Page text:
I place the plate back on the press bed, exactly in the same position as before on the template, drop the printing paper down over it, and pull it through the press again

keeping my fingers crossed that:

the position IS exactly the same as before

I’ve wiped the plate clean in the right places, so that the colours beneath show through where I intend them to do.

Seven time out of 8 so far it’s come out right!

And here’s the finished print:

Be careful what you wish for

art house


A brief Twitter conversation with Dan Thompson, of  Empty Shops Network , about how fundamentally organisations change once they move from campaigning group to managers of a building made me reflect on my experience of working with The Art House between 1999 and 2009 during which time it underwent just that change.

The Art House was formed  in 1994 by a group of artists, some with and some without disabilities, with the dream of a place where they could make art side by side.  Since such a thing was unlikely to be achieved in short order, the group set to campaigning  for accessible studio and exhibition spaces and opportunities more generally. The organisation grew, gained funding, took on staff, and met with considerable success. Always central to its campaigning was the aim of designing and constructing  one purpose-built, totally accessible workspace that would act as a paradigm for what could be done and an incentive for others to emulate.

The Art House spent 14 years waiting for such a building, working towards it, fundraising and agitating and designing and constructing it . At last, in 2008  the completed building was unveiled. It was all we’d ever wanted. It was wonderful.  Its opening was hailed as a watershed moment. It certainly was.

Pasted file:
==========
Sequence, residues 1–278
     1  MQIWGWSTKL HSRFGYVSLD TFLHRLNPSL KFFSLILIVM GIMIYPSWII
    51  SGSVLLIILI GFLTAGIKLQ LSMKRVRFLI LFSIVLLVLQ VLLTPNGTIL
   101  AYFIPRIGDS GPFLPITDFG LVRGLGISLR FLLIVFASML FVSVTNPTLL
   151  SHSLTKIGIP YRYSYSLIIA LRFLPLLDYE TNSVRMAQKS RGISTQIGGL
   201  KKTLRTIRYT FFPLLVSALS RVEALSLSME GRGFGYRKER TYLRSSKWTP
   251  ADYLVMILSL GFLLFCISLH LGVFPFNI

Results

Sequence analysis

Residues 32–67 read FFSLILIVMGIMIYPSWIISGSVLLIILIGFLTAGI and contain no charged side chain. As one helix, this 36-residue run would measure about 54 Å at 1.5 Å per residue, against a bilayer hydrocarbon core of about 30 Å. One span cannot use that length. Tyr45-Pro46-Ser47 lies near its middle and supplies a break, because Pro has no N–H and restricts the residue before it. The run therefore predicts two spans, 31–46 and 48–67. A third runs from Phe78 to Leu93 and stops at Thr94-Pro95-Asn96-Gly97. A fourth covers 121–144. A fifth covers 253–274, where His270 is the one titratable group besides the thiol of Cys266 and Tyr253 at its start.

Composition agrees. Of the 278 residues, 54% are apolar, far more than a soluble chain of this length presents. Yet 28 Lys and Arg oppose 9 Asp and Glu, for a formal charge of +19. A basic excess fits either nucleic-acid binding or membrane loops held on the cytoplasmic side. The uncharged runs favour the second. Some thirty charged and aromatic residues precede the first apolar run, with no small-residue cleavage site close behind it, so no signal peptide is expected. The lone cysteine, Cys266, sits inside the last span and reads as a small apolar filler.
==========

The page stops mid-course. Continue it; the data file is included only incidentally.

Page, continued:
The Art House always had a national remit – how could it not? It was difficult to maintain this from Yorkshire (Curious that it’s never a problem to run a national organisation from London – that’s another topic altogether), but we worked hard at it, from our temporary bases in cheap office space. Projects were mobile and innovative. There were campaigns to make galleries and studios more accessible, installation projects that involved artists located throughout the UK and connected by the postal system, couriers or the internet. Exhibitions that toured widely, international collaborations, partnerships with disability organisations and residency programmes at national galleries.

Almost as soon as The Art House building opened, much less of its work was undertaken outside its immediate locality. ‘Come here’, we started saying, rather than ‘we’ll come over to you’. There were perfectly good reasons for this. We’d always struggled to find accessible spaces  – now we had our own, so why continue so to struggle? And we needed things to be happening here, in our building; we needed to connect with the local community…

In response, the perception of the organisation by its members changed. We’d always had a higher proportion of members in Yorkshire, but while we were shifting from one temporary office to another, keeping on the back foot, looking outwards and holding our events at scattered venues, we presented as mobile and flexible. Once cemented into the new HQ, the proportion of members outside the locality fell rapidly as we came to be perceived much more narrowly, as an organisation for Yorkshire, for Wakefield, even. Despite our protestations, we heard artists saying: ‘you aren’t for us; we don’t live near enough.’